They have already filled in the lower new super, although they're still working on fixing up the wax, the addition was sorely needed as the colony has nearly tripled in size from the original box. That's about the last though I had before one, then two, then another and another bee made their way to my hair... and stayed there. One got tangled in, and I got my second bee sting. But mostly it was just unpleasant to know there is an angry bee in your hair. Also, a bee in you hair is very loud to the ear. It is hard to maintain a lady-like composure under these circumstances.

The move I used to get the bees out of my hair was no doubt the stuff of comic gold. Doubled over, shaking my head and trying to puff smoke on myself simultaneously, I think I also managed to squeal at high pitch.

As if that is not embarrassing enough, I realized why I couldn't find those elusive beekeeper meetings: they meet on Thursday nights and they show up at exactly the time when I will be running doubled over puffing smoke on my own head. And they are legion.

Today's score card:
-10 for grace
+30 for fortitude

Wednesday, July 14, 2010

Monday, July 12, 2010

Summer Reading list

I'm on vacation, and that means reading for fun (sadly, not for profit).

Here is my list of summer reads I intend to get through (those already finished are in red).
Am I missing some must haves? What are you reading this July?
What should I take on our anniversary trip to Hawaii?!

The list:

  1. The Long Ships (in progress)
  2. Anthropology Of An American Girl
  3. Welcome To Utopia
  4. 52 Loaves
  5. Alice I Have Been
  6. The Kingdom Of Ohio
  7. The Lacuna
  8. Father brown mysteries
  9. Johannes Cabal: The Detective
  10. Johannes Cabal: the necromancer
  11. Island Beneath the Sea
  12. 64$ tomato
  13. Lucy
  14. Animal vegetable miracle

Sunday, July 11, 2010


A lot of people misuse the term ironic. As I hold a BA in English I am required to be bothered by that, just a little, and because I am also pretty mild-mannered, I don't really get TOO bothered.

BUT today Irony reared her ugly head and I saw her for her true self. How many visits to the bee yard so far? Tens. How many bees at the bee yard? Hundreds of thousands. What do I do there? Stick my unprotected hands INTO their hive. Flick them off of me. Get close to their babies and their food. Number of stings to date: zero.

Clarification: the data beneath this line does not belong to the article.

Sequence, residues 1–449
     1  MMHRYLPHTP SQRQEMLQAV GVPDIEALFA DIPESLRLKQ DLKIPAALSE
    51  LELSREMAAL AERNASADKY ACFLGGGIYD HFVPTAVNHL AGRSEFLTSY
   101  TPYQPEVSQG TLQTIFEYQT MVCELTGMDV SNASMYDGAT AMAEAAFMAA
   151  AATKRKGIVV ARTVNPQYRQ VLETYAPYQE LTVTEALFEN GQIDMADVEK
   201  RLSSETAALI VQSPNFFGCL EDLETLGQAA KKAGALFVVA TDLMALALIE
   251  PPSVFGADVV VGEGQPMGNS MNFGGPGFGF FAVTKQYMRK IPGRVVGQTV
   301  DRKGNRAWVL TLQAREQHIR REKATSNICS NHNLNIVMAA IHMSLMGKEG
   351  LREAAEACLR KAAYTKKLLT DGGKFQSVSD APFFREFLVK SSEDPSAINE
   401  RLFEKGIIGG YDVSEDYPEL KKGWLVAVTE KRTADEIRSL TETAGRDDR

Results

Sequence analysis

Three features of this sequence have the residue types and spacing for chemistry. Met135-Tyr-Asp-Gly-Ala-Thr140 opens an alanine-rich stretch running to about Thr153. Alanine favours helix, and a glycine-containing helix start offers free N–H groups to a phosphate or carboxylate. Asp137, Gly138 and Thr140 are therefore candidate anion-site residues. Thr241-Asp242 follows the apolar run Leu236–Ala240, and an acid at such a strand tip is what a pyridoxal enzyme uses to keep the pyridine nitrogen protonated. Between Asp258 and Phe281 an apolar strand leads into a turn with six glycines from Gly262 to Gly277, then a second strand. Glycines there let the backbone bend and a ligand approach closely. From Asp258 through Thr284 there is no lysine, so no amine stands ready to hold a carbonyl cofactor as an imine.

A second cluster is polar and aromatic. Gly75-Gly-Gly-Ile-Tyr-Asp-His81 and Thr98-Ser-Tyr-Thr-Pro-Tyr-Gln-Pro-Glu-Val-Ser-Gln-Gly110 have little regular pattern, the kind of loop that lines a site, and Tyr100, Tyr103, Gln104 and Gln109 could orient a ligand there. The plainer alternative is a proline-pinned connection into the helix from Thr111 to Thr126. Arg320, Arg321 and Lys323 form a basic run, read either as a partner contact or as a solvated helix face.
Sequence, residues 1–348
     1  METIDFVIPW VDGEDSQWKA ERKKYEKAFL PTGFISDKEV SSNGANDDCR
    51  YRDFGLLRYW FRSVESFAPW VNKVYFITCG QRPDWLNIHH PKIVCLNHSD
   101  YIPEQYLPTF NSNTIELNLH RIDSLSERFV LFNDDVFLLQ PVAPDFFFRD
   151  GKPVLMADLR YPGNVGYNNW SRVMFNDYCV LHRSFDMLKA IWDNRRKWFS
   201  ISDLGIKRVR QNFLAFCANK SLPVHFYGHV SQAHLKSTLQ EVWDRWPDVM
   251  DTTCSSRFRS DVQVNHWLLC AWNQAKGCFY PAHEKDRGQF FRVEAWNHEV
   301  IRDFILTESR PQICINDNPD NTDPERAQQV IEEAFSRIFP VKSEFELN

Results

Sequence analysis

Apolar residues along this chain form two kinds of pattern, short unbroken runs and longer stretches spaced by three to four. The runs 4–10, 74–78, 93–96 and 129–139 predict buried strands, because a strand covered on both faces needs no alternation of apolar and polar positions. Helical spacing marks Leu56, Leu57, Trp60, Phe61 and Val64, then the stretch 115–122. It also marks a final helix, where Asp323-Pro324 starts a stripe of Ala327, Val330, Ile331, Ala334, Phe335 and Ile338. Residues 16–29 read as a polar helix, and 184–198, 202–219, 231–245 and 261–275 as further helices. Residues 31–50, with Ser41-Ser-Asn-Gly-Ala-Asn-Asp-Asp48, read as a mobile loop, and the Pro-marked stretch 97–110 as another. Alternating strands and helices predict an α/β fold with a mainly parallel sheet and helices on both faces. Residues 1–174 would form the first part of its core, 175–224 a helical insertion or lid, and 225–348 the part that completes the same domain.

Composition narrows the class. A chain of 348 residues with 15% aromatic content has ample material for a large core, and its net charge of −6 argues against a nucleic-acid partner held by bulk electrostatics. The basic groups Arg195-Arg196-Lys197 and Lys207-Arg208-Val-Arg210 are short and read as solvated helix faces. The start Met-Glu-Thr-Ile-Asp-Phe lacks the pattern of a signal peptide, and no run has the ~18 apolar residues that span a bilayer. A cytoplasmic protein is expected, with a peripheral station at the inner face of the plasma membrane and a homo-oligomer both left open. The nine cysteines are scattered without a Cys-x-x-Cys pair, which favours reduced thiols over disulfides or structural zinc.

Today in my urban neighborhood I went for a run. Number of hives: zero. Number of bees? negligible. Number of times a year I go running: once. Maybe.

I think you can probably see where this is going. On my biannual run, minding my own business and running on a concrete sidewalk is where I got a bee sting, on my neck. Bad words were said. It itches. THAT'S irony folks.

Friday, July 9, 2010

Honey Prospects

New, empty comb

So our hive is growing, although we missed the first big clover nectar run. Our bees will have about a month and a half to pretty up the supers, get the comb fixed up before the early fall nectar run of ragweed. The workers will collect the nectar, mix it with spit, and shove it into cells of the comb with an airtight seal to ripen into honey. I'm hoping we'll get a few jars for our labor, but since we plan on leaving them the honey they've already stored in the deeps, there may not be a huge harvest for the humans this fall.

This is fine with me- We're not really in it for the honey this year, I just wanted to get the hive established and see how it all works. So far, on that front, I declare this project successful at the 4 month mark. Still, just a little bit to put in my tea this winter would be really gratifying...

Thursday, July 8, 2010

Super Mom

I couldn't figure out the meeting. They are a mysterious bunch, apiarists, and do not post times for their get-togethers. So I made the call- Dr. Drone's mom. She said she'd be right over, and met Mr. Holt and I at the bee yard with two pretty blue supers in less than 24 hours. She's just as excited about bees as her son, and clearly concerned for the welfare of our hive. She even made a call to the head of the bee research lab to ask some logistical questions for us. Put on both supers at the same time? Only one? etc.

Both, it turns out.

Mr. Holt and I were out of pine needles, our usual smoking fuel, and we had stopped by the pet store to get some cedar chips, like pet bedding, recommended as an alternative. At least at our pet store, they only sell those in 10 pound bags for 30$. No thanks. So we bought this dodgy looking fluffy bedding made from "recycled plant cellulose" and crossed out fingers it would burn cool.

It did, eventually, but not before Mr. Holt spent a great deal of energy coaxing it into a smoldering fire. I can't say I favor it for bee smoking, but this bedding will certainly never kill your hampster by fire.

It was SO hot today, high 90s, and the bees were hanging outside the door, fanning their wings to keep the hive cool and hanging on each other like tiny living ropes.

This is not our hive, did I already mention how much my bees see to hate being photographed? The neighbors were more obliging.

We wrangled the two boxes on, making sure to put a queen excluder between the deeps, the lower, bigger boxes meant for babies and over-winter honey, and the supers, shallower boxes on top. The queen excluder is like a cage that the workers can wiggle through, but the Queen with her giant egg swollen abdomen cannot. Thus she lays only in the deeps. Fabulous.

Thursday, July 1, 2010

Lazy Days of June

I am a lady of leisure. I am taking the summer off, no school no work! And the lack of responsibility has made me totally lazy. I haven’t been out to see the hive in over two weeks. I DID read this book:

Nice pictures, not totally informative. But went well with my coffee this morning.